WASHINGTON, DC, May 5, 2011 (ENS) - The U.S. Fish and Wildlife Service today issued a final rule to remove protections for gray wolves in the Northern Rockies under the Endangered Species Act. The rule is identical to the 2009 delisting rule that was struck down by a federal court in August 2010.
Effective immediately, the rule will return management authority over wolves to the states of Idaho, Montana, Oregon, Washington and Utah, while retaining federal control in Wyoming until an adequate state management plan is developed.
The rule is required by a rider added to the continuing budget resolution passed by Congress last month that funds the federal government for the remainder of this fiscal year.
The rider was attached to the federal budget bill by Senator Jon Tester, a Montana Democrat, and Representative Mike Simpson, an Idaho Republican, and marked the first time an animal or plant has been removed from the endangered species list by Congress.
That rider was challenged in court today by the Center for Biological Diversity. The nonprofit group filed a challenge in federal court in Missoula, Montana, arguing that a congressional rider requiring removal of Endangered Species Act protections for wolves in the northern Rocky Mountains is unlawful because it violates the separation of powers in the U.S. Constitution.
"The wolf rider is a clear example of overreaching by Congress that resulted in the wrongful removal of protections for wolves," said Noah Greenwald, endangered species director at the Center for Biological Diversity. "The rider is not only a disaster for wolves but for any endangered species that a politician doesn't like. Congress has set a terrible precedent that we hope to overturn."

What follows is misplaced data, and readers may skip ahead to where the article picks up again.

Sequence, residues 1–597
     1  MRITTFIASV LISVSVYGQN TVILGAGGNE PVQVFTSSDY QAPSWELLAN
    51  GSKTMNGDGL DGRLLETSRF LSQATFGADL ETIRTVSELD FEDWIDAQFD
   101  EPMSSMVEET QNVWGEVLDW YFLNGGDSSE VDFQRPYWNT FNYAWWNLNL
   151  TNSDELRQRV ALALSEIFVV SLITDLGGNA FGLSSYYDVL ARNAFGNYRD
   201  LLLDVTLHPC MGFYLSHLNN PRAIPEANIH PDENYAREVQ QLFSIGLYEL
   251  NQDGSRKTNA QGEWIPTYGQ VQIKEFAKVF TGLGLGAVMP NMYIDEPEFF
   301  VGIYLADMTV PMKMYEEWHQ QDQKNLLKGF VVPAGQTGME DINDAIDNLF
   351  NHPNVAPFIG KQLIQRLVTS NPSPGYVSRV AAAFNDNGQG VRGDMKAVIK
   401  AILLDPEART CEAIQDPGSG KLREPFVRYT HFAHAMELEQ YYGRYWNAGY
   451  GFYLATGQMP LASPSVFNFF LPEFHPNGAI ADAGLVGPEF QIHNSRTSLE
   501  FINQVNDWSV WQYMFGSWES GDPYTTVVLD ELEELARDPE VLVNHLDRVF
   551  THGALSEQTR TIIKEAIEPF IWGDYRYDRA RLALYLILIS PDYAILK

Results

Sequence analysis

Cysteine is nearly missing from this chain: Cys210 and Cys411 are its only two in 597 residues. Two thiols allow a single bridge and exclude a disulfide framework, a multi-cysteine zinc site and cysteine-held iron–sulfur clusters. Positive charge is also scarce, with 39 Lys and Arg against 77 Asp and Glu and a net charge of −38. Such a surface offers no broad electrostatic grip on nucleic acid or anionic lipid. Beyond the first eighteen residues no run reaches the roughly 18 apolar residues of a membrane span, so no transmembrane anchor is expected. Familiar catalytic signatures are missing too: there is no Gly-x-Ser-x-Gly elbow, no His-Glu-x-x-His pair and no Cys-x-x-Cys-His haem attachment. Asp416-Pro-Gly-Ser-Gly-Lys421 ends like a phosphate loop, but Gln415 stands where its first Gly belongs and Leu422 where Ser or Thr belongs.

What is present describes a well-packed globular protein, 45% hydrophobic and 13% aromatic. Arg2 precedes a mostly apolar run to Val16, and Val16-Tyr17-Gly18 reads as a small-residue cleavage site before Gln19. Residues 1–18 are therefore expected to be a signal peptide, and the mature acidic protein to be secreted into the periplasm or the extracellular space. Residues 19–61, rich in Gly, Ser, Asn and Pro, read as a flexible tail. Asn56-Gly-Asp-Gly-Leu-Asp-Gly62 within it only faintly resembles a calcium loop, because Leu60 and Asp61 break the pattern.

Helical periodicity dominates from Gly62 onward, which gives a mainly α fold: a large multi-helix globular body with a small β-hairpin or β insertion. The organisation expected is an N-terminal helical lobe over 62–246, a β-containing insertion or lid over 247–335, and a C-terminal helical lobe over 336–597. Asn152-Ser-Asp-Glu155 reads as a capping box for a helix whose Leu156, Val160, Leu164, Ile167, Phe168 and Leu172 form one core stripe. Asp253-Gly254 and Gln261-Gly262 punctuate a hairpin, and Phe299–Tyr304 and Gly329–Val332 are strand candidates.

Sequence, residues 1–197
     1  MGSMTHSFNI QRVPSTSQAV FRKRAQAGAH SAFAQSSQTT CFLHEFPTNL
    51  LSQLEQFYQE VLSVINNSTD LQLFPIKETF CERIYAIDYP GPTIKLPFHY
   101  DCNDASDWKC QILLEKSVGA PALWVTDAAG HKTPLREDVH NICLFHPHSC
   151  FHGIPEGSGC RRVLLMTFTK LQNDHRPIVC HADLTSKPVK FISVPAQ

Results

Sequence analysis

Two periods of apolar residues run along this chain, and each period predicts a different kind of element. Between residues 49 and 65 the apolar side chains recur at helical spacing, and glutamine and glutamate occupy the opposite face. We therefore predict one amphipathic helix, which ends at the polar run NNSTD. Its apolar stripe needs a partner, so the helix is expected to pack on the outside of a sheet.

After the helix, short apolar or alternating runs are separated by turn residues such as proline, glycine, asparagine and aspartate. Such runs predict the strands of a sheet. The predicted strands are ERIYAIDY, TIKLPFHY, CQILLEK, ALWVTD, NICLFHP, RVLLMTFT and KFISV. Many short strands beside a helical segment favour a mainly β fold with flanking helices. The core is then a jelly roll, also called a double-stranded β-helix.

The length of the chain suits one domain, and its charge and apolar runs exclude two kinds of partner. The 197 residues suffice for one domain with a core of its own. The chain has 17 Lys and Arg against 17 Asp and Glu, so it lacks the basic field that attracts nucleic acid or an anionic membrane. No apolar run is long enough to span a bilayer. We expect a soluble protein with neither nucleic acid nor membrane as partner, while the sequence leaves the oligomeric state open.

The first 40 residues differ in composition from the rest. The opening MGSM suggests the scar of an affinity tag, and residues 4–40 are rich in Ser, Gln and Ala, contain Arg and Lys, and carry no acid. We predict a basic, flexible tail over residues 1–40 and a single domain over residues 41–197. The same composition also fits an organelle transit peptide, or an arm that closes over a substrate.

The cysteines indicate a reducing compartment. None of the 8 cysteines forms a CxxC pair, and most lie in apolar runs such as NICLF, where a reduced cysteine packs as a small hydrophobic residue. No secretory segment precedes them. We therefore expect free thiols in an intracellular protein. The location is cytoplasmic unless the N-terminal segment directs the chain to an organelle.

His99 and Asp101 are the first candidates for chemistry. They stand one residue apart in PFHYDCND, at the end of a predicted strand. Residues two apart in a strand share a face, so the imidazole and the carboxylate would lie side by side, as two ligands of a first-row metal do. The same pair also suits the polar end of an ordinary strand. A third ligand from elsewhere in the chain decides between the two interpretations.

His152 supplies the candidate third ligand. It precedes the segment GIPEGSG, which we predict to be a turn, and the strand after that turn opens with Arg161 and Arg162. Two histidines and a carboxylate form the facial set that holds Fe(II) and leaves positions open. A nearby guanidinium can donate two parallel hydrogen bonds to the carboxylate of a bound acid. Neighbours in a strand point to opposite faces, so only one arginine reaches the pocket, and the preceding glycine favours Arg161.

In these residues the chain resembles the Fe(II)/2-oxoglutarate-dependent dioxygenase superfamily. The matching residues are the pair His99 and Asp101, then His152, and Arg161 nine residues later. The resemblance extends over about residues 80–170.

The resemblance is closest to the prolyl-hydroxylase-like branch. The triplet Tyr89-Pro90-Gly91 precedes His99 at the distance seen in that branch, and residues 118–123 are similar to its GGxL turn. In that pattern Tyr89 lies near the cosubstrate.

The group's case is based on Article III of the U.S. Constitution, which establishes the principle of "separation of powers." This principle dictates that the judicial power of the United States lies in the federal courts and not in Congress.
In this case, the Center argues, "Congress violated the principle by inserting itself into an ongoing legal case brought by conservation groups over the fate of wolves in the northern Rockies."
Rodger Schlickeisen, president of the nonprofit Defenders of Wildlife, said, "While today's announcement comes as no surprise, the action taken by Congress and the Obama administration last month to strip federal protections for wolves was unwarranted and extremely disappointing. It has undermined our nation's commitment to good stewardship and sets a terrible precedent for side-stepping America's bedrock environmental laws whenever it's politically convenient to do so.
"However, wolves can still have a bright future in the Northern Rockies if states manage them responsibly as they have promised in the past. The elected leaders of Montana and Idaho, in particular, continue to assert that their states know best how to manage wildlife. Now is their chance to prove it." Full story at link
U.S. Department of Interior Begins Delisting of Gray Wolves in Eight States
Washington, DC --(Ammoland.com)- On the heels of legislation passed last month with the support of the Congressional Sportsmen’s Caucus (CSC) as part of the FY 2011 budget agreement, the U.S. Fish and Wildlife Service (USFWS) announced this week that it is lifting Endangered Species Act (ESA) protections for 5,500 grey wolves in eight states in the Northern Rockies and Great Lakes and has published a proposed rule to remove gray wolves from ESA designation in the Western Great Lakes.
Groups sue to regain wolf protection
Three environmental groups joined to file a lawsuit Thursday to return federal protection to gray wolves in the Northern Rockies, arguing that politicians are deciding the fate of an endangered species.